Mars Water Likely Flowed A Billion Years Longer Than Previously Thought

Mars once rippled with rivers and ponds billions of years ago, providing a potential habitat for microbial life. As the planet’s atmosphere thinned over time, that water evaporated, leaving the frozen desert world that NASA’s Mars Reconnaissance Orbiter (MRO) studies today.

It’s commonly believed that Mars’ water evaporated about 3 billion years ago. But two scientists studying data that MRO has accumulated at Mars over the last 15 years have found evidence that reduces that timeline significantly: Their research reveals signs of liquid water on the Red Planet as recently as 2 billion to 2.5 billion years ago, meaning water flowed there about a billion years longer than previous estimates.

“Our findings center on the chloride salt deposits left behind as icy meltwater flowing across the landscape evaporated,” said Caltech’s Professor Bethany Ehlmann and Dr. Ellen Leask from Johns Hopkins University Applied Physics Laboratory.

“While the shape of certain valley networks hinted that water may have flowed on Mars that recently, the salt deposits provide the first mineral evidence confirming the presence of liquid water.”

“The discovery raises new questions about how long microbial life could have survived on Mars, if it ever formed at all. On Earth, at least, where there is water, there is life.”

In the research, the authors used the MRO/CRISM data to map the chloride salts across the clay-rich highlands of Mars’ southern hemisphere — terrain pockmarked by impact craters.

These craters were one key to dating the salts: the fewer craters a terrain has, the younger it is.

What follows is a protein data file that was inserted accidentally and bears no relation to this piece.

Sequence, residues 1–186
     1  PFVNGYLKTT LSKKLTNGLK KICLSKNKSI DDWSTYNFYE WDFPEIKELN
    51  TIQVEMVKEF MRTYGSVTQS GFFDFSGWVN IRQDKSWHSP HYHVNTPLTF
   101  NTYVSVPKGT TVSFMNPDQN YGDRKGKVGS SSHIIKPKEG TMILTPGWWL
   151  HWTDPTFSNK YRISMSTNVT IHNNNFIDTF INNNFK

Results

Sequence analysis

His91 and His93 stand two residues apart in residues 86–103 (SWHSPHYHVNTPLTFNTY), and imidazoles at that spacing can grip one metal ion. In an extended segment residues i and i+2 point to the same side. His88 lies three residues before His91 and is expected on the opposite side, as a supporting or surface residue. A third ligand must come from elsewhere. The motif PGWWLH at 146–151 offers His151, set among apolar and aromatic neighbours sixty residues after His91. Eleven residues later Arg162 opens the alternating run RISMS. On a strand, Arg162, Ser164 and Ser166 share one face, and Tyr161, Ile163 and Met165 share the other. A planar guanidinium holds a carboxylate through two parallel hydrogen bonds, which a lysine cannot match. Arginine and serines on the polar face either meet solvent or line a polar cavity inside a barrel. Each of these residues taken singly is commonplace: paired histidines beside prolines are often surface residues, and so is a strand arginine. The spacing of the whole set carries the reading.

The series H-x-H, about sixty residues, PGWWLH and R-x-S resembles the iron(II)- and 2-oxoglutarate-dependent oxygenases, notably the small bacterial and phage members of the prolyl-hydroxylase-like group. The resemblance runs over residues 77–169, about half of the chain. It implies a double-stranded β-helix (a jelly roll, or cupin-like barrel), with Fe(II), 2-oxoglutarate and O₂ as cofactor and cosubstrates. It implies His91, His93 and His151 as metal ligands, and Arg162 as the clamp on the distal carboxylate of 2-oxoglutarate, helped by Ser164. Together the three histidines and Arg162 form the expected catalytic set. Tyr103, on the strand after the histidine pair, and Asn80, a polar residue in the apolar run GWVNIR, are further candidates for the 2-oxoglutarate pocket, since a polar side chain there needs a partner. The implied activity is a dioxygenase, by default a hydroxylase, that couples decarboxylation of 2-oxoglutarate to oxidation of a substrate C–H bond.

By counting the number of craters on an area of the surface, scientists can estimate its age.

To create digital elevation maps, the researchers used images captured by two MRO cameras: the Context Camera and the High-Resolution Imaging Science Experiment (HiRISE).

They found that many of the salts were in depressions — once home to shallow ponds — on gently sloping volcanic plains.

They also found winding, dry channels nearby — former streams that once fed surface runoff (from the occasional melting of ice or permafrost) into these ponds.

Crater counting and evidence of salts on top of volcanic terrain allowed them to date the deposits.

“What is amazing is that after more than a decade of providing high-resolution image, stereo, and infrared data, MRO has driven new discoveries about the nature and timing of these river-connected ancient salt ponds,” Professor Ehlmann said.

“Part of the value of MRO is that our view of the planet keeps getting more detailed over time,” added MRO deputy project scientist Dr. Leslie Tamppari, a researcher at NASA’s Jet Propulsion Laboratory.

“The more of the planet we map with our instruments, the better we can understand its history.”